Luke I think you've got this figured out but you have an issue with terminology.  And it's partly the fault of manufacturers.  Unity, as it pertains to audio equipment, means that the device doesn't amplify or attenuate the signal at all.   The level that goes in is the level that comes out.  Unity tells us about how much 'gain' that particular stage or piece of equipment is applying to the signal.  With an audio device like a mixing console or distribution amplifier, if you set all the level controls to unity then you should be able to completely bypass the device (cable right around it) and the sound level won't change. 

+4dBu on the other hand is a reference level.  It represents approximately 1.23v RMS of signal level.  Some powered speakers may be calibrated to achieve "maximum output" with this input signal level (allowing something like 12dB or more of "headroom" on your mixer output) but other speakers may be calibrated to something else like full output at -10dBV or perhaps even +20dBu!

If we look at a power amplifier by itself (no speaker) then we can analyze the amount of gain offered.  Most pro amps are on the order of 30dB of voltage gain with their input controls turned all the way up.  It's fairly simple.  Unfortunately, a powered speaker is somewhat of a black box.  We have input circuitry, a crossover and EQ section, an amplifier and then speakers.  Very few manufacturers give us information about what is going on in these various stages.  And if they do, it's usually marketing oriented (intended to impress) and it is moistly meaningless because it's just one tiny cog in the greater machine.  The only way to really analyze the gain of this black box is to look at the amount of electrical signal going in and compare that to the SPL coming out. This can give us useful information for designing a sound system but very few manufacturers give this info.  So, to use this kind of info for comparison means we would likely have to measure every speaker we want to compare.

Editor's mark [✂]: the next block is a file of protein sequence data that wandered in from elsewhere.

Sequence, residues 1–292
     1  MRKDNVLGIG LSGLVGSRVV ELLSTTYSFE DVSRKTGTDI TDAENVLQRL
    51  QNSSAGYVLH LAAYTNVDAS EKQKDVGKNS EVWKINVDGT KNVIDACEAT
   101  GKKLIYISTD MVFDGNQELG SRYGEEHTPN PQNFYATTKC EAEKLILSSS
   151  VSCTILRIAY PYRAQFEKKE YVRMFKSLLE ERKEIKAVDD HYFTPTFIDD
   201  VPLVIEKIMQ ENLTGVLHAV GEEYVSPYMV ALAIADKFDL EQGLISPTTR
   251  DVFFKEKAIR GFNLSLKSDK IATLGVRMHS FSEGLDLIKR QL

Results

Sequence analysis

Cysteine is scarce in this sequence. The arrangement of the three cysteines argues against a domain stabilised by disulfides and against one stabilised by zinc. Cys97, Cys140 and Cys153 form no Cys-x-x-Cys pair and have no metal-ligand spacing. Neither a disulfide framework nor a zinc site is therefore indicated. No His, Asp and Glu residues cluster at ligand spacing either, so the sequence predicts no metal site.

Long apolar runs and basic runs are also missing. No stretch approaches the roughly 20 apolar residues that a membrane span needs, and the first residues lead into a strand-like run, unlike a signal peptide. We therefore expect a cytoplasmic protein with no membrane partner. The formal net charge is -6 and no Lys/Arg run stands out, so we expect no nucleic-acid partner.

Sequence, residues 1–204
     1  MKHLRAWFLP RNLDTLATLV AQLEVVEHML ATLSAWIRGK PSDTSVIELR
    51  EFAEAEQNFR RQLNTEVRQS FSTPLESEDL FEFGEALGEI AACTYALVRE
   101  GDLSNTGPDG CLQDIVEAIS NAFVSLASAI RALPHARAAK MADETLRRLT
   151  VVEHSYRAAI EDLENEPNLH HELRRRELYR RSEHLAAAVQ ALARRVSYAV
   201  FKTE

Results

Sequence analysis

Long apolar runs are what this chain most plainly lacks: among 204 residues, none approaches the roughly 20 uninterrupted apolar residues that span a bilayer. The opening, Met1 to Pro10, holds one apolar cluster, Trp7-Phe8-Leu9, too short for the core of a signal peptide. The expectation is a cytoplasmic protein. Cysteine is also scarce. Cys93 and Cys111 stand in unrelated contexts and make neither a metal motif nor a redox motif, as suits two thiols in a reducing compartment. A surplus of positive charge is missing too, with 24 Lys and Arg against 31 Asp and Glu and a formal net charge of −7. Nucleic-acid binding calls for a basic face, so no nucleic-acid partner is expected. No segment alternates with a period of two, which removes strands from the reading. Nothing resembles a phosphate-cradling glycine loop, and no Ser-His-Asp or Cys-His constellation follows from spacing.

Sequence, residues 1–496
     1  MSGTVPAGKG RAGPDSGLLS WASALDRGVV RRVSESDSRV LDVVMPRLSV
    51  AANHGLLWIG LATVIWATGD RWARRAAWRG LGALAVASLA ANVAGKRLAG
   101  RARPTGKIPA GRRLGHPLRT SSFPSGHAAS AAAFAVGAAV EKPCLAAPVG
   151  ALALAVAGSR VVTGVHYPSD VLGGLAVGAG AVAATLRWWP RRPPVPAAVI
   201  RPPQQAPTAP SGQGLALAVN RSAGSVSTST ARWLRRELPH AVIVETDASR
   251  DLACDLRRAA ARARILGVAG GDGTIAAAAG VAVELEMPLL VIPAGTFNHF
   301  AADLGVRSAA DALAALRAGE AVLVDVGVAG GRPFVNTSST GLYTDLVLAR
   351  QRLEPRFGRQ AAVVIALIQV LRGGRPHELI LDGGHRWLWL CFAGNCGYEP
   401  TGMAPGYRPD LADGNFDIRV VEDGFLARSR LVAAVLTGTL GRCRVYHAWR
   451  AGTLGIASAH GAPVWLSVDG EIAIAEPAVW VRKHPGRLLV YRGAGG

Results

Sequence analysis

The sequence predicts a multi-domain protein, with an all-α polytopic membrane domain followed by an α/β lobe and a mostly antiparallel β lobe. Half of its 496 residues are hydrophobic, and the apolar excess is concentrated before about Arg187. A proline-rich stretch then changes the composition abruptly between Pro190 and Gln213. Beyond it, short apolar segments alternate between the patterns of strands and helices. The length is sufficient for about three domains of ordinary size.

Some manufacturers put some kind of scale on their powered speaker level controls that make us think that they are referenced to some kind of standard.  In my experience, this is generally not the case.  It's entirely up to the manufacturer and it seems that many err on the side of more gain rather than less. 

I'll say it out loud.  One of the main advantages (to manufacturers) of the powered speaker is that it puts the magic back in the product.  Since it's a system of itself, many parameters are obscured and it makes comparing the product based on the spec sheets alone, difficult.  Comparing from spec sheet has always been risky, especially with speakers, but with powered boxes we are removed at least another step from where we were with separates. 

The other useful parameter is how loud the black box can get before it reaches it's limit (or sounds bad).  Many manufacturers publish a number that is supposed to reflect this parameter but of course, it's a simple answer to a complex question.  Very often it is a useless column on the spec sheet.  As is always recommended, we need to measure and listen (in context if possible) to really make a comparison.  Even then we are likely to be fooled by some aspect of the system.